I have never been a morning person. In high school, I would repeatedly wait until the last minute to drive to school. It got so bad my brother refused to ride with me and started taking the bus instead!
Now, at 31, gone are the days of sleeping in. Sleeping in now means 7 a.m. I would be remiss if I did not mention that having a child has played an integral in the formation of my current sleeping habits. I have often wondered if morning people were born that way or if their habits formed over time.
Now, I won’t claim to be the expert morning person, but do I think I have made great strides in this area over the past few years. Here are a few things that help me:
• Plan Your Day the Night Before: If not your day, at least plan your morning. On work days I find it incredibly helpful to organize my to do list the night before, move any unnecessary tasks off my calendar and have a plan for what I’m going to do first when I get to my desk. The times I do not do this planning, I find, often lead to chaotic mornings where I flit from task to task and accomplish little.
• Go to Bed on Time: Everyone requires differing amounts of sleep. I do believe I’ve always been in the eight to 10-hour crowd. But I’ve met many people that can comfortably function on six hours of sleep. Figure out what your requirement is and then plan your bedtime accordingly. I know if I stay up too late and sacrifice sleep I am dragging the next morning. Also, drinking Sleepytime tea helps!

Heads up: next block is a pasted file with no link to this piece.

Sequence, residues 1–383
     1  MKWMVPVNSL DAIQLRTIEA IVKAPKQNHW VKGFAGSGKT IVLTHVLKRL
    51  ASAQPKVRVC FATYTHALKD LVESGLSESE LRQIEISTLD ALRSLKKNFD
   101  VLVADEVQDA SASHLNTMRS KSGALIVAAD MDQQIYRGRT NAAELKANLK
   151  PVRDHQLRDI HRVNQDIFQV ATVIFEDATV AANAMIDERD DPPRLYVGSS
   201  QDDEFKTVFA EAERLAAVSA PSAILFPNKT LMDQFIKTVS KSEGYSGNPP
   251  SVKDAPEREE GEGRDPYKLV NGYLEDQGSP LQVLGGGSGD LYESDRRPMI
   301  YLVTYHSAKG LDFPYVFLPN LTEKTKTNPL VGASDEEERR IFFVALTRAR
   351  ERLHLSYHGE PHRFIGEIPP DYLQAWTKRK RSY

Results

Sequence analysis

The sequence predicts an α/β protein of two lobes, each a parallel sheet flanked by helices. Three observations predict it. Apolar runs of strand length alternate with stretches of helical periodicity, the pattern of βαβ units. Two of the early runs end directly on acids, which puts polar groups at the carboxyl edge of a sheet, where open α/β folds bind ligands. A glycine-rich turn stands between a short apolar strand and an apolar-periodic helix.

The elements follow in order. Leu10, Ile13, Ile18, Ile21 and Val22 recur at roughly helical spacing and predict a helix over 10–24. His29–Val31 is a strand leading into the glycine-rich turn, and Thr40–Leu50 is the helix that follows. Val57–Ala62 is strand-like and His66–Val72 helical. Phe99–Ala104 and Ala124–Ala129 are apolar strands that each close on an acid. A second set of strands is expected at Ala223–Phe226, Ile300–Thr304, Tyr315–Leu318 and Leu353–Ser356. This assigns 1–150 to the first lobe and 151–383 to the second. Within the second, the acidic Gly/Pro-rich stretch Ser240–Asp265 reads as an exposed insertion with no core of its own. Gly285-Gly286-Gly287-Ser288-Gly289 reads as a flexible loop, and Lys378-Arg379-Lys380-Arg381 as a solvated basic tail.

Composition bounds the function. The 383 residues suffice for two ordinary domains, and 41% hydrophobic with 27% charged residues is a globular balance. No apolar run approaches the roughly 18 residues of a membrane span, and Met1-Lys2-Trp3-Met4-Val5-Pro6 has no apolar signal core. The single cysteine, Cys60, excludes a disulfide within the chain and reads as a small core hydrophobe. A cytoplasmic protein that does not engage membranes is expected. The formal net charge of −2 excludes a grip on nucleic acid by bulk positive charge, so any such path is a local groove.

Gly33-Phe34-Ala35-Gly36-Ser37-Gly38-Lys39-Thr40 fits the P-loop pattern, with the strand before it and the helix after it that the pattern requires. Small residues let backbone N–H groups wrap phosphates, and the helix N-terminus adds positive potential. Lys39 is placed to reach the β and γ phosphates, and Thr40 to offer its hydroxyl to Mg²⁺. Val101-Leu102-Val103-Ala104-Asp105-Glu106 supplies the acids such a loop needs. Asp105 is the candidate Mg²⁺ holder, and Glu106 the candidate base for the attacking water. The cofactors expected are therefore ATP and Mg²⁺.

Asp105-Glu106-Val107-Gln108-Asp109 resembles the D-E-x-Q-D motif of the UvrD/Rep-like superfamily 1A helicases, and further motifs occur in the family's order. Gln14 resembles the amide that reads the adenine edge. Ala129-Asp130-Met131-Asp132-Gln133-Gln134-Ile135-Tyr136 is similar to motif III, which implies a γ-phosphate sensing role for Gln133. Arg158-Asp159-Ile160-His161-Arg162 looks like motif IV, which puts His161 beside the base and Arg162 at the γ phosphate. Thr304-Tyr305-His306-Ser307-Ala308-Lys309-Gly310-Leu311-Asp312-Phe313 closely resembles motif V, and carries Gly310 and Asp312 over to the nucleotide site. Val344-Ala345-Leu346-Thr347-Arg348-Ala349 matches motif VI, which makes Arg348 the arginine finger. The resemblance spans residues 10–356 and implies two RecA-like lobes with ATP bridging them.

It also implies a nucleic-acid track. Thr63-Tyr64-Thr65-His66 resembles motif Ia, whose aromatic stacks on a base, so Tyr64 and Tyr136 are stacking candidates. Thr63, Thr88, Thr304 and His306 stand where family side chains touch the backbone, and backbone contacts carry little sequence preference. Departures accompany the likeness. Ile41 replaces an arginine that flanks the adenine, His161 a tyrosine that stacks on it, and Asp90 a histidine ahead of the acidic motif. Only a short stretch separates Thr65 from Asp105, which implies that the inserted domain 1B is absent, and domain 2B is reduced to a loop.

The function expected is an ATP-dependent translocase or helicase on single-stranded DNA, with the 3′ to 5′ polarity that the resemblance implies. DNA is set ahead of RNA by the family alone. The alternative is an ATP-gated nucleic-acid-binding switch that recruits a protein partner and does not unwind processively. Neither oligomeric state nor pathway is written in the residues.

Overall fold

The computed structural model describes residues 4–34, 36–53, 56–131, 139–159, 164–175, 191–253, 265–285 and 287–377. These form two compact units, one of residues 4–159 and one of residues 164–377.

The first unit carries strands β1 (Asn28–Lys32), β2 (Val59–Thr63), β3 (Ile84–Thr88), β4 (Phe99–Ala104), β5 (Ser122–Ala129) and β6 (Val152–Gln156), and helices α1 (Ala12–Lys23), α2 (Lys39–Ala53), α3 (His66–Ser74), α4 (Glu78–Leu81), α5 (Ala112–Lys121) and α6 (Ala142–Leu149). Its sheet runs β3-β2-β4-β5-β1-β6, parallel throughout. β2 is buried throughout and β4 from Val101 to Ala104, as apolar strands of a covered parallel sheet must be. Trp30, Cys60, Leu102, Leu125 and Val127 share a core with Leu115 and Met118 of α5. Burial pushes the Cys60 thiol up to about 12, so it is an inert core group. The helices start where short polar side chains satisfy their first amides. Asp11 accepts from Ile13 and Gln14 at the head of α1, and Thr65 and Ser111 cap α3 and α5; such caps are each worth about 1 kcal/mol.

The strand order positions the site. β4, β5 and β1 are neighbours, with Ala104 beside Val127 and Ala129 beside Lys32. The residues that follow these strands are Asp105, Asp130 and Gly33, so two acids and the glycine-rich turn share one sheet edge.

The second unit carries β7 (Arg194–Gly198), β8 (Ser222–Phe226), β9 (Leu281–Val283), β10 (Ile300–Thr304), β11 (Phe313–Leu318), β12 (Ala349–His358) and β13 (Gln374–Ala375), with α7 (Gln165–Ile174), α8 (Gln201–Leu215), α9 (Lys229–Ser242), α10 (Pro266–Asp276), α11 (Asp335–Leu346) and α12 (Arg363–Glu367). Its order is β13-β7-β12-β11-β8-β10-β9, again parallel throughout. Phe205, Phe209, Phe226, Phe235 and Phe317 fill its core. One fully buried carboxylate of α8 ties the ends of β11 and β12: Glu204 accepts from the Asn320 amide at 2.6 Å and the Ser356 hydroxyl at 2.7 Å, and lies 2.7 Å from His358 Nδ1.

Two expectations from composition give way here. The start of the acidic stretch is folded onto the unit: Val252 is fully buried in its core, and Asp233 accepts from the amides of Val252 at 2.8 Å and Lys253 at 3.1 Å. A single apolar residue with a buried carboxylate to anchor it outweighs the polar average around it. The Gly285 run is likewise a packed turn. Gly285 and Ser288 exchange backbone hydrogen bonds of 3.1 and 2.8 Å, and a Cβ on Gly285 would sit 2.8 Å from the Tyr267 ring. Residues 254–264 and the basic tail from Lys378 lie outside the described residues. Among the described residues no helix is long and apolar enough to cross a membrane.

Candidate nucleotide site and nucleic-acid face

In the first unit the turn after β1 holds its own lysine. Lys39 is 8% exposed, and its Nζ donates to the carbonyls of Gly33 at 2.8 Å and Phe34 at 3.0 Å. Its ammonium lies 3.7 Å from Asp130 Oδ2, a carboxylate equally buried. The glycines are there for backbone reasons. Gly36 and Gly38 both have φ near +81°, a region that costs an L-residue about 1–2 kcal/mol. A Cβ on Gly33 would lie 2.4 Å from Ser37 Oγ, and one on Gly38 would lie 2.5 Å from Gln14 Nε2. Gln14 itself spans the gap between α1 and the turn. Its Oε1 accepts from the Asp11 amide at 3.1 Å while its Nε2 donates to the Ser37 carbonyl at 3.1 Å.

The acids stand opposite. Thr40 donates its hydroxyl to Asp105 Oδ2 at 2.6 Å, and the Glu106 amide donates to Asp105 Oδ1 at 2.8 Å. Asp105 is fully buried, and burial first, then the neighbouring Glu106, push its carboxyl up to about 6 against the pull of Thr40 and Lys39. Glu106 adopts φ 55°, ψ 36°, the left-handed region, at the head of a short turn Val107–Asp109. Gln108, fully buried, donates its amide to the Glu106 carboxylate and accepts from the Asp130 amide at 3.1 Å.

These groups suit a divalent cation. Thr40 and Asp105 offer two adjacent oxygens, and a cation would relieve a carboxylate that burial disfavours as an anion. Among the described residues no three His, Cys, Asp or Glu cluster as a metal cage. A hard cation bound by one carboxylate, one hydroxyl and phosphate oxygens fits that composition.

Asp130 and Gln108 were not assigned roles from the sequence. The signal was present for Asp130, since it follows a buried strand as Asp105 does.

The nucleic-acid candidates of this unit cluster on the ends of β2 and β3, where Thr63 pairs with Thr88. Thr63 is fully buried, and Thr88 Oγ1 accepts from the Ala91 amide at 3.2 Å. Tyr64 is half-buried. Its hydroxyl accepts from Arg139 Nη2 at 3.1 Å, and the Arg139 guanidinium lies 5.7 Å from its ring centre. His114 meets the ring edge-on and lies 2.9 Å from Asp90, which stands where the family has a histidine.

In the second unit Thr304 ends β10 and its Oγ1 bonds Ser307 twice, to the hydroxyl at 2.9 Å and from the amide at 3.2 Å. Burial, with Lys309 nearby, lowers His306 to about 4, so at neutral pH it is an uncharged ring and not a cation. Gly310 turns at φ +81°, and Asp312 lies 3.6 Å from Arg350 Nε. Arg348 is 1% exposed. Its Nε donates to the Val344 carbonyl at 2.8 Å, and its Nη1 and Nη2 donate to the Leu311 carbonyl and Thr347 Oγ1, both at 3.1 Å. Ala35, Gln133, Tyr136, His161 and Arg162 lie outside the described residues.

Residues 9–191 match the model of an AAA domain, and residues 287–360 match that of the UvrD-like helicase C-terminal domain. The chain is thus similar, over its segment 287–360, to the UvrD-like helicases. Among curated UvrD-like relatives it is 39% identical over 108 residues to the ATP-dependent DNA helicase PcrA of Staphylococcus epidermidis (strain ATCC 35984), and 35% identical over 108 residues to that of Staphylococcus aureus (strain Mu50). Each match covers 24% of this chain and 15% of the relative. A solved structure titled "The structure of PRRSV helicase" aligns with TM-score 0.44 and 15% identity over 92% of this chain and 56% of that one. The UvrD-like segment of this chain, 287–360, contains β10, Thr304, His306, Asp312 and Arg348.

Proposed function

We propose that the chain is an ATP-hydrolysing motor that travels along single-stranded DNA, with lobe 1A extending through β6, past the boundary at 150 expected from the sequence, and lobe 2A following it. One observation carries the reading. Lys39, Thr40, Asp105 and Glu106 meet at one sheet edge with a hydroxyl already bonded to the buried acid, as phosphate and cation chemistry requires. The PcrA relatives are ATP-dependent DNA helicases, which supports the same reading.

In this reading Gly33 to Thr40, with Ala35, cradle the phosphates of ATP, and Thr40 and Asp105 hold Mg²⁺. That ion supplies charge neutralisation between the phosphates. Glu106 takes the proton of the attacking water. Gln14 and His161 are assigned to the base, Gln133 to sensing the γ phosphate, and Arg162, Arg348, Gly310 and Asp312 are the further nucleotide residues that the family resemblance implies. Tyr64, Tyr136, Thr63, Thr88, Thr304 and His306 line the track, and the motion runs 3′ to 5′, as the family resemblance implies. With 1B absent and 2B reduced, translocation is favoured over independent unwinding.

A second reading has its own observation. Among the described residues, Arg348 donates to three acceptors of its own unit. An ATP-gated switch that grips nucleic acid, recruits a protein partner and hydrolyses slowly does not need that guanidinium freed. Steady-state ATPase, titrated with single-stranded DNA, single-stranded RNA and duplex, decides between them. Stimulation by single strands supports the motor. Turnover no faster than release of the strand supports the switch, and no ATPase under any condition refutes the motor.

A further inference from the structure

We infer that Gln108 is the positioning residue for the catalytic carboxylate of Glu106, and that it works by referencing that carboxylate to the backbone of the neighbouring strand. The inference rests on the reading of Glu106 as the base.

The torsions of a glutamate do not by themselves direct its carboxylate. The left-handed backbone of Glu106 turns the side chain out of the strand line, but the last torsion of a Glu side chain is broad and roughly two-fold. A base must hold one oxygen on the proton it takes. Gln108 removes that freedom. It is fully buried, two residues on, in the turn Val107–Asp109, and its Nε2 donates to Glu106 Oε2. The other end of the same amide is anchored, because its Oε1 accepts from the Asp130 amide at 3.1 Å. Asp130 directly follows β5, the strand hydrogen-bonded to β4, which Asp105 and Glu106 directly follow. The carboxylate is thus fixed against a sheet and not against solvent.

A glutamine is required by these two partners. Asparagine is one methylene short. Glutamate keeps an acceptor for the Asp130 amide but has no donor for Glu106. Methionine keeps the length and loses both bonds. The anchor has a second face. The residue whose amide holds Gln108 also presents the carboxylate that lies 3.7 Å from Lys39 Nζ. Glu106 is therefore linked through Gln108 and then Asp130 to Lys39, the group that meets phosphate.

• Exercise: While we are on the topic of rest, I have also found I rest best, and my mind wanders the least, when I have exercised that day. For some, evening exercise can make them feel too awake. Whether it’s running, yoga or at home workout DVDs, it’s important to find what works for you. Julie wrote about her morning routine which includes a morning workout.
• Morning Motivation: I’m not going to lie. Getting to my first cup of coffee is one of my biggest motivators in the morning. In fact, I just ordered a new programmable coffee maker with the hope that I can set it to brew upon waking. If you aren’t a coffee drinker your morning motivation could be a tall glass of lemon water, your favorite breakfast, a warm shower, journaling or meditation.
• Don’t Think, Just Do: Lastly, I have found if am lying in bed after the alarm goes off debating pressing the snooze button, or dreading any part of my day, it makes being a morning person that much harder. Jumping (or getting) out of bed and just starting to go through the motions of my morning works best. Every time, within 10 to 15 minutes I am more alert and eager for my day.
What are your tips for becoming a morning person?
*This post was originally published in 2011 and has been updated and republished for accuracy and comprehensiveness.